Arlington Hands Out Fentanyl Test Strips To Save Lives

Arlington Hands Out Fentanyl Test Strips To Save Lives

Program helps keep fatal Fentanyl overdoses at bay

Test Strip packet to identify Fentanyl contamination in drugs.

Test Strip packet to identify Fentanyl contamination in drugs.

Two Splash Girls were treading water in the Yorktown High pool; Ruth Neikirk, 81, 
Information provided to residents who may be about to use drugs potentially fatal if contaminated by Fentanyl. 


shouted over to another swimmer about Arlington’s program of handing out Fentanyl test strips so opioid users could avoid a fatal overdose. “Someone needs to let people know about this program,” Neikirk said. “It’s important to save the lives of these people.”

“Good,” said Emily Siqveland, opioids program manager, Arlington County Department of Human Services, “because normalizing these conversations about addiction, making sure these conversations do take place at the pool and over the dinner table, is important. Addiction is affecting all of us. It’s a disease, like cancer, or hepatitis, and we need to talk about it, not sweep it under the rug.”

Arlington’s Department of Human Services started the program on Aug.  12. “We had been thinking about this on and off for some time and decided the time was right,“ said Siqveland. Reports were coming out of CDC saying the majority of overdose deaths were Fentanyl related. So we ordered 100 test strips as a pilot program. By Aug. 20 we were out of strips.“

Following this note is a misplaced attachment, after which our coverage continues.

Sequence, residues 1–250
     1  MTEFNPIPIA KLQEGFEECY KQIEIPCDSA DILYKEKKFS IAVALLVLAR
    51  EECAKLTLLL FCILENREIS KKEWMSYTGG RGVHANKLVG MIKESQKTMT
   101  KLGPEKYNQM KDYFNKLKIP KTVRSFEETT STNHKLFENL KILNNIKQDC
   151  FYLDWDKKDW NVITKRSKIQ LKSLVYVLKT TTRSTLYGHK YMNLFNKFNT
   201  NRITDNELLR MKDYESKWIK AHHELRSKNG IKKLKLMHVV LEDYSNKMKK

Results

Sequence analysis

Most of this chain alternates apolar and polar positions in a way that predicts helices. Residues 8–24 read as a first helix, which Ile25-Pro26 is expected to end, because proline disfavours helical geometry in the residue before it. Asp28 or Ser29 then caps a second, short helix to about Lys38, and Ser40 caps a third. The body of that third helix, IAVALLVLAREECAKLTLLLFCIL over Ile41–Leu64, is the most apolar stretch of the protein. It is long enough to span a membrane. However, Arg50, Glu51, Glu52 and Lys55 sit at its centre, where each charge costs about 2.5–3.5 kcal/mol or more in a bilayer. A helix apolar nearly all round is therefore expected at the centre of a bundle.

Siqveland and her team got the word out. “We put out a press release on test strips; we put out information on social media, and we pretty much made it clear, however we can get strips to you, we will get them to you.“

“As of Aug. 31, we started handing them out at the county jail. Even if someone was incarcerated for a short time, even just the weekend, if they were identified as using opioids, we gave them test strips. We even put up a sign in the magistrate’s office. All of our staff in Behavioral Health were aware of the program and if their clients were using, we handed out strips.” Siqveland has now handed out over 748 test strip packets since August.

“We make a real effort to keep people safe if they are using drugs. We offer NARCAN when we offer test strips, and we tell people not to use alone, and to make sure they have someone with them, and have Narcan out on the counter where it can be seen.”

What result is Siqveland seeing? 

“We don’t necessarily know if it’s fentanyl strip related, but since we started dispensing the test strips, from Aug. 16 thru Dec. 20 there have been five fatal overdoses; prior to that, from January 2021 to Aug. 12 there were 21 fatal overdoses.“
“We get anecdotal evidence that Narcan is being used, but we try not to be

too inquisitive because that creates a barrier. Police data tells us there have been 64 applications of Narcan this calendar year. “